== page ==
No man is an island entire of itself; every man is a piece of the continent, a part of the main. - John Donne
Trip-sitting for a dear friend: during
"I feel the capacity to care is the thing which gives life its deepest significance." Pablo Casals
"Love doesn't just sit there, like a stone; it has to be made, like bread, remade all the time, made new." U Le Guin
This is the second post in a three-part sequence. The first can be seen at "Trip-sitting for a dear friend: before". So yesterday was the trip itself. It went really well. Such a deep privilege to be beside someone for those extraordinary hours when they're out in the oceans of 'mind'. And what did I learn? That it feels like good 'trip-sitting' is about love, presence, awareness, calmness, encouragement, kindness, familiarity with the landscape. I think it's got lots of overlap with being a good 'trauma therapist'. Here again there's so much about kindness, staying steady when the spray of another's apparently overwhelming experience is whipping in one's face, the heart-open bravery of encouraging steering into the challenging storm when this looks like the right way to go, familiarity with the different emotional/spiritual 'weather' one might experience, courage, optimism, warmth. It's not so different either from being a good parent, when one's child is facing challenges that can daunt them, threaten to overwhelm them, and yet also present such huge opportunities for learning, blessings, growth.
Not that yesterday's trip was much storm-wracked. Yes, deep pain at times ... opening to the pain of humankind, the holocaust, so much ... but opening, not terrified. And deep, deep love. Love for family, for friends, for the world ... tenderness, softness, heart-opening like sunlight. And beauty too, of the music, of life, of gratitude. And for whole chunks of the trip, my eyes too were wet with tears ... but of 'walking beside', not at all 'not present, not attending'. A deep privilege to be with, to feel in tune with. And we had the music ... the playlist they'd chosen ... playing out into the room. I found myself, a bit like a part-time disc jockey, adjusting the volume at times, as it varied a bit unpredictably from track to track. It was good to be able to hear the music they were listening to ... not essential, but helpful.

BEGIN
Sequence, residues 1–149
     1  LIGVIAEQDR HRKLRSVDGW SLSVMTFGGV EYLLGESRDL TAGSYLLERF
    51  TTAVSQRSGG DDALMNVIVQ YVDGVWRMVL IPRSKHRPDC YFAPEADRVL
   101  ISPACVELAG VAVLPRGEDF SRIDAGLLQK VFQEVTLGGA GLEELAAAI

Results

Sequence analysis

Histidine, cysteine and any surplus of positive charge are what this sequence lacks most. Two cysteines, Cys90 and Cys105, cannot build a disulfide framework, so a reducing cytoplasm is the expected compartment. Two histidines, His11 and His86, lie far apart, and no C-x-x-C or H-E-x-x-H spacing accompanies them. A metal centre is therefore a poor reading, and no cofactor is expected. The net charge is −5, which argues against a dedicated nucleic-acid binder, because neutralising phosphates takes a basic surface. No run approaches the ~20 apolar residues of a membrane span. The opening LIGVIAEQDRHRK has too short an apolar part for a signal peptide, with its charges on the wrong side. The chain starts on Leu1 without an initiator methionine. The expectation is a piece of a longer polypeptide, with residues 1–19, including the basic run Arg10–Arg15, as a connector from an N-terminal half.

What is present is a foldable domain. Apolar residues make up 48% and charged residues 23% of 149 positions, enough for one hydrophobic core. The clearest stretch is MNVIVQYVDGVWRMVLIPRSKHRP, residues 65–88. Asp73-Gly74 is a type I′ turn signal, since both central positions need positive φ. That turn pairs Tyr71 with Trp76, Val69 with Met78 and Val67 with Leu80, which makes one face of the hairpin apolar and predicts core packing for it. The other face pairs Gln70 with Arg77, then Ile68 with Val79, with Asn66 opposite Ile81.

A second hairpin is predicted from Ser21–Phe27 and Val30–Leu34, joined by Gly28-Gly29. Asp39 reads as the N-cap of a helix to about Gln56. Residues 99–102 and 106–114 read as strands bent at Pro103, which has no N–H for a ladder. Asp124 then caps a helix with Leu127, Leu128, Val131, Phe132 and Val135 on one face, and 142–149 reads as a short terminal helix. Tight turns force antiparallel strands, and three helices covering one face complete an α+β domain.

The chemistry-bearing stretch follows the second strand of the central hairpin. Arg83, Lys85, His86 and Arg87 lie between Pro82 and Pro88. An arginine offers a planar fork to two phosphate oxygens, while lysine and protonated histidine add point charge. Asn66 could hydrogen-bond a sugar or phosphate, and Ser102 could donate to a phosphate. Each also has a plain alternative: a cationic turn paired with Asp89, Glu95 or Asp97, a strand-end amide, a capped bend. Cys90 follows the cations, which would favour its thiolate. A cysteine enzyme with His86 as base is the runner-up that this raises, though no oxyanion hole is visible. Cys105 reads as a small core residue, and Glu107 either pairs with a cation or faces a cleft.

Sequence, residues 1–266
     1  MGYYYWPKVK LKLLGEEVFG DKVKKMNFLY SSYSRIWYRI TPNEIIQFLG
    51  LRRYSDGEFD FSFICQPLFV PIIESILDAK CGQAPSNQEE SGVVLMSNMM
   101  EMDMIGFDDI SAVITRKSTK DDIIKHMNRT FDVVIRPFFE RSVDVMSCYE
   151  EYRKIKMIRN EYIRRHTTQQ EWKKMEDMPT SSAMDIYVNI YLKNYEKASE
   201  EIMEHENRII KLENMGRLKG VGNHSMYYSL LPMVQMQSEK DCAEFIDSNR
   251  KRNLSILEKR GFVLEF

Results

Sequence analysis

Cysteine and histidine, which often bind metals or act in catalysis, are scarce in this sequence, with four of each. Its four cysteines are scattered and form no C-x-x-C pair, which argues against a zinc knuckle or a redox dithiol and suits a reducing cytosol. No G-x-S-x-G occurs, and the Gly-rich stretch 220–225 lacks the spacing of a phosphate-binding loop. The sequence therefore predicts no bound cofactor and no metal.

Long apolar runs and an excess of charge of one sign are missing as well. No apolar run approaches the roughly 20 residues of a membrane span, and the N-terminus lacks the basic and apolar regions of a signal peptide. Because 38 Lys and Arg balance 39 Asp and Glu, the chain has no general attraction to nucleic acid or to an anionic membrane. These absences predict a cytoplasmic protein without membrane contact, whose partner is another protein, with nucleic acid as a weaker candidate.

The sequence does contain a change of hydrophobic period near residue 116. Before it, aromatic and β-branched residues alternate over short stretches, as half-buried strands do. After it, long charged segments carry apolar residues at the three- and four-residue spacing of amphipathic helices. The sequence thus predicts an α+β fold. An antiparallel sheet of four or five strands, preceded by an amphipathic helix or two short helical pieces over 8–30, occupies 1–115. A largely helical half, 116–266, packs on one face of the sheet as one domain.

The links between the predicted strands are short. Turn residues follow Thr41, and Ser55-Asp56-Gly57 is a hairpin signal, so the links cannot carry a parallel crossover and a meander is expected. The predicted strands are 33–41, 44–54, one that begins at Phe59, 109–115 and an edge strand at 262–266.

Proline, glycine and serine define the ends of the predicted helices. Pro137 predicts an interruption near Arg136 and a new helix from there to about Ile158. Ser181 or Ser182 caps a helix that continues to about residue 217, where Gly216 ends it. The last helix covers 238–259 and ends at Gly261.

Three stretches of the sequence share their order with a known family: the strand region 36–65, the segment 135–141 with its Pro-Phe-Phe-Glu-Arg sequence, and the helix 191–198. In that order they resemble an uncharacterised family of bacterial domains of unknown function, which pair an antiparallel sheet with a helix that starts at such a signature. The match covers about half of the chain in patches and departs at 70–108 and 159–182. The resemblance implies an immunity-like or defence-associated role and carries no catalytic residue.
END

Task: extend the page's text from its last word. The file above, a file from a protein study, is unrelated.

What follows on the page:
And it was very good to have had the trip experiences I have had ... the dozen or so LSD trips many years ago ... and the eight psilocybin truffle trips last year. Yes, I could have trip-sat without having had this personal experience, but that would be like teaching cooking without ever having eaten the dish. Talking about what flavour it might be from reading about it, not from having personally tasted it. Yes, I'm confident with the experience I've had that I could work with a trip-sitter who had little personal experience ... just like, with the experience I've had working in therapy, I could work as client with a 'poor' therapist. I'd need them to keep their mouth closed most of the time and let me get on with it, but I could certainly do it. But why choose to work with a poor therapist .... or a poor trip-sitter.
Don't get me wrong here. I don't think personal experience is the most important quality of a good trip-sitter, I just feel that it's of real importance & helpfulness. However, I think other qualities are even more important. Jut as I'm very clear that the research evidence shows that experienc of therapy is not at all the most important attribute of a highly effective psychotherapist.
More to follow ...
And for the third in this three-part sequence, see "Trip-sitting for a dear friend: after"